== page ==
The medical marijuana laws in Colorado are akin to a full employment plan for attorneys. Take this week's appeal of a case involving Frank Marzano, who was convicted in 2007 of cultivation and possession of marijuana after a search for a fugitive turned up weed -- and despite the fact that he had loads of patient information showing that the pot was MMJ. Attorney Rob Corry provides the details:
Three years ago, authorities were searching for a fugitive named Randall Zandstra, who was suspected of holing up at a home in Loveland. U.S. Marshals got a warrant to search the property for Zandstra under complicated circumstances the brief describes as a "sham" -- and Marzano, the person actually living there, refused to let them keep poking around after determining that Zandstra wasn't present.
They did so anyhow, and subsequently happened upon plenty of marijuana -- and while Marzano had what's described in the brief as "41 pages of medical marijuana documentation" establishing that he was growing the weed for patients, he was busted for assorted drug beefs anyhow. He was ultimately cleared of distribution charges, but he was convicted of possession and cultivation -- a verdict that frustrates Corry, Marzano's attorney, who felt that the trial judge tied his hands.
"The judge held that Frank couldn't call as witnesses any patients who had not affirmatively and expressly designated him as a caregiver on their registry card," he says. "And if you read the definition of caregiver in the Constitution, it's an adult who has significant responsibility for the well-being of a patient -- and whether or not that person is on the registry card isn't dispositive of that person being a caregiver."
In addition, Corry continues, "we allege that the judge had a substantial bent of mind against Frank and medical marijuana. The judge said that I, his defense counsel, couldn't use the phrase 'medical marijuana' during the trial. He told the jury, 'I have ruled that there's no such thing as medical marijuana.' So I had to say, 'marijuana for medical use.' The judge used the words 'medical marijuana' over and over again, as did the prosecution, but I was under a separate command that really polluted Frank's opportunity to get a fair trial."
In addition, Corry says, "there's also a quite-prominent issue that maybe isn't as concerning to the medical marijuana community, but it's important for Frank, involving a warrantless search that is presumptively unconstitutional. They were after a federal fugitive who had last been seen at that property ten months before. That was their purpose for being there -- and he obviously wasn't there. They thought they had consent to enter from the executor for the owner -- the owner of the property was deceased, so the executor gave the marshals consent to enter for the purpose of arresting this alleged fugitive. But when they didn't find him, Frank, who had every right to be there -- he wasn't charged with trespassing, he was lawfully present -- told them to leave, and they didn't. They proceeded to do a complete search, top to bottom, and then got their warrant four hours later, which doesn't cure the violation. In fact, it probably exacerbates it."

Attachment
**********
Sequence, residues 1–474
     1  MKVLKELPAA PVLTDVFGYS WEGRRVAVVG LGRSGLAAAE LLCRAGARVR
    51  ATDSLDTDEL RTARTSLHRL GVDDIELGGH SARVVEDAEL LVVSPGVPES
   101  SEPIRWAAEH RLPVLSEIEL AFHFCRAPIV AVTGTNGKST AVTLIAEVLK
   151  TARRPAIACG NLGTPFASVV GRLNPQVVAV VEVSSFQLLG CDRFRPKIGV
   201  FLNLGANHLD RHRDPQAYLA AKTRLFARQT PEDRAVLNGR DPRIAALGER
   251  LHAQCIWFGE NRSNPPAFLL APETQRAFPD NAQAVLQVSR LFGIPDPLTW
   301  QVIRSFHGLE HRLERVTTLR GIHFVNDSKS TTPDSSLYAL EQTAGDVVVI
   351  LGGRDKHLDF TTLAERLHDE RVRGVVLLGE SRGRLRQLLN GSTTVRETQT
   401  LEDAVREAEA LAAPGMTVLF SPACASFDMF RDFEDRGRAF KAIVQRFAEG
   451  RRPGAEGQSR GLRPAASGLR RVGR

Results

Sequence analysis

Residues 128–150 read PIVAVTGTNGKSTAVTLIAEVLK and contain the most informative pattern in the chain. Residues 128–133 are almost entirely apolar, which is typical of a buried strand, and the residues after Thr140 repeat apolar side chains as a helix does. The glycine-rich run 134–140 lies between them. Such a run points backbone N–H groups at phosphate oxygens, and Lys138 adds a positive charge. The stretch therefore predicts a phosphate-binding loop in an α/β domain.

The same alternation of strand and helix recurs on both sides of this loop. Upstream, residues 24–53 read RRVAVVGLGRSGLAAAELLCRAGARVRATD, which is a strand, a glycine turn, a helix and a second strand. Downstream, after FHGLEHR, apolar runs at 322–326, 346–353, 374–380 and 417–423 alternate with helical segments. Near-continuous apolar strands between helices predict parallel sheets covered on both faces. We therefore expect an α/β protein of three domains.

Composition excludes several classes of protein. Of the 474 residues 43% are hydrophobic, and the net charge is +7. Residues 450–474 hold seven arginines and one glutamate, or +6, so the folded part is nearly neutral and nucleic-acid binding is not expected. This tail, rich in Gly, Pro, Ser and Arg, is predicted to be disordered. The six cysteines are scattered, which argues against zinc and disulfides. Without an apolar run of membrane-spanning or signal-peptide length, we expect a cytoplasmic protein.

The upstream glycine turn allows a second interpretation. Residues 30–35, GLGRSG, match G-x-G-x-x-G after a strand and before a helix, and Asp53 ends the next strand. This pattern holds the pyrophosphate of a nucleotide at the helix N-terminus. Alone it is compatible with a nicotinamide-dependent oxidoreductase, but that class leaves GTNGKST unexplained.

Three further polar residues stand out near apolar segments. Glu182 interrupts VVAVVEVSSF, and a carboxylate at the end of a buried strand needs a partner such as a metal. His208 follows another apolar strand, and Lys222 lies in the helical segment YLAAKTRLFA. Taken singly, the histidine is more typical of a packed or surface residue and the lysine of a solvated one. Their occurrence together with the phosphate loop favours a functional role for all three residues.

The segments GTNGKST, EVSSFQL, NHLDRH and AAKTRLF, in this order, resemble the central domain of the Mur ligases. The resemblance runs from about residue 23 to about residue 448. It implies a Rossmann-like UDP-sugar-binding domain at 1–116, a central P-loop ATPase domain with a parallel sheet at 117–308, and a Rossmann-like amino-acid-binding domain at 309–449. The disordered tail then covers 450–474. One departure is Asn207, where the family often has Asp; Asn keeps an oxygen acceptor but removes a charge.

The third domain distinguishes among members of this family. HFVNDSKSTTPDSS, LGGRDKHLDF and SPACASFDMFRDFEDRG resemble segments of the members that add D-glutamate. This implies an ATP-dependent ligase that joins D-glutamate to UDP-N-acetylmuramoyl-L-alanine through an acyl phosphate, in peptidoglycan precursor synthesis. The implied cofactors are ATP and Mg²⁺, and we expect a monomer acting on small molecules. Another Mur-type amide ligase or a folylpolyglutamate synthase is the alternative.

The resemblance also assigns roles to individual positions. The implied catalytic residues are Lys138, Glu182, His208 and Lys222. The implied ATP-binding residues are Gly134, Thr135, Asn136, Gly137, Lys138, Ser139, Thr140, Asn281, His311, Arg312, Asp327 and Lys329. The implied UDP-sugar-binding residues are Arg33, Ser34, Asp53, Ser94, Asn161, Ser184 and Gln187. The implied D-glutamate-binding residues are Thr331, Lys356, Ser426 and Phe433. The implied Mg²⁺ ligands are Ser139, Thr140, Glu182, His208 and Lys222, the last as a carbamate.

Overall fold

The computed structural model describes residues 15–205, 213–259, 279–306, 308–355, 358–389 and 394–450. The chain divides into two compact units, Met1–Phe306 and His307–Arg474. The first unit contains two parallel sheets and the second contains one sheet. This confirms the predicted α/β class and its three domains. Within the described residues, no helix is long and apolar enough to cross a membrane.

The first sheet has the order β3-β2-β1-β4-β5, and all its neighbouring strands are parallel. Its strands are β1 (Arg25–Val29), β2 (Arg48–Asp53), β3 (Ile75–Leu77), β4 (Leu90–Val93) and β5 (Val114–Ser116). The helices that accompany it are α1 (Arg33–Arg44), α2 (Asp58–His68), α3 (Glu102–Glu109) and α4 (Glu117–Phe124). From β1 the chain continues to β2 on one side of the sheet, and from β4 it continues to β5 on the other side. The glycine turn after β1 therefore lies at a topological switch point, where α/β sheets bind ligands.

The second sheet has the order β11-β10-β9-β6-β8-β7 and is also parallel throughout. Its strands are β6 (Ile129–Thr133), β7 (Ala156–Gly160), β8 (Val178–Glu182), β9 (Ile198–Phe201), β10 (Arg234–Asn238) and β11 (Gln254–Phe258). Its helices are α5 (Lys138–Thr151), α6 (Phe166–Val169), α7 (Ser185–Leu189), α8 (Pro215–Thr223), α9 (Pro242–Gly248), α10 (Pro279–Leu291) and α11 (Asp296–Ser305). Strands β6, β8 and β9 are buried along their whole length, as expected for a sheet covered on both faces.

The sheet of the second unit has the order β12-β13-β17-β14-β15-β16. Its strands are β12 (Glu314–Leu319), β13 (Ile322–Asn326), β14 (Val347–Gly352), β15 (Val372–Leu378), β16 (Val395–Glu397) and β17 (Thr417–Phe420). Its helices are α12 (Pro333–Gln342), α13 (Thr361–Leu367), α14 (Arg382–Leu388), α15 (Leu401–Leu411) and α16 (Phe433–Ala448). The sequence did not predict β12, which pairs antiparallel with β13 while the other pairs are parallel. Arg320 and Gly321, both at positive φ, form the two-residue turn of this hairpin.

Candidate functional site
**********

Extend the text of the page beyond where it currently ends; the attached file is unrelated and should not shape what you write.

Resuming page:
In Corry's view, the case is important for Marzano, who's been living under a cloud since 2007. But he feels it's also a way to prove that members of the MMJ community "aren't second-class citizens. We ought to be able to claim the protections of the Fourth Amendment and the right to a fair trial. And it also deals with the parameters of an affirmative defense, which will be more and more important with the legislature potentially shutting down the medical marijuana registry.
"Caregivers will have to claim status independent of the optional registry card. The details of that will have to be worked out, but the fact remains that Frank had documentation for 34 patients in his home at the time of the search. It was nothing concocted afterward. He had the cards in his possession then. And there was zero evidence that a single gram of this marijuana was used for anything other than medical purposes -- which is something else I wasn't allowed to say in court."
Corry is hopeful that things will turn out better for Marzano this time around based on this week's hearing before the Court of Appeals. "The three judges were impressively well-prepared for our argument," he says. "They seemed like they'd read every inch of the record. And that gives me some confidence. I think we should win if the appellate court looks at the record, and I have every belief that it has, and will."
If he's wrong -- and Marzano likely won't learn about the decision for a few months -- Corry is prepared to appeal the case to the Colorado Supreme Court.
"Judges are usually right," he maintains. "But this time, with all due respect, the trial court got it wrong. And that's why we have appellate courts -- to correct errors and guarantee people's constitutional rights."
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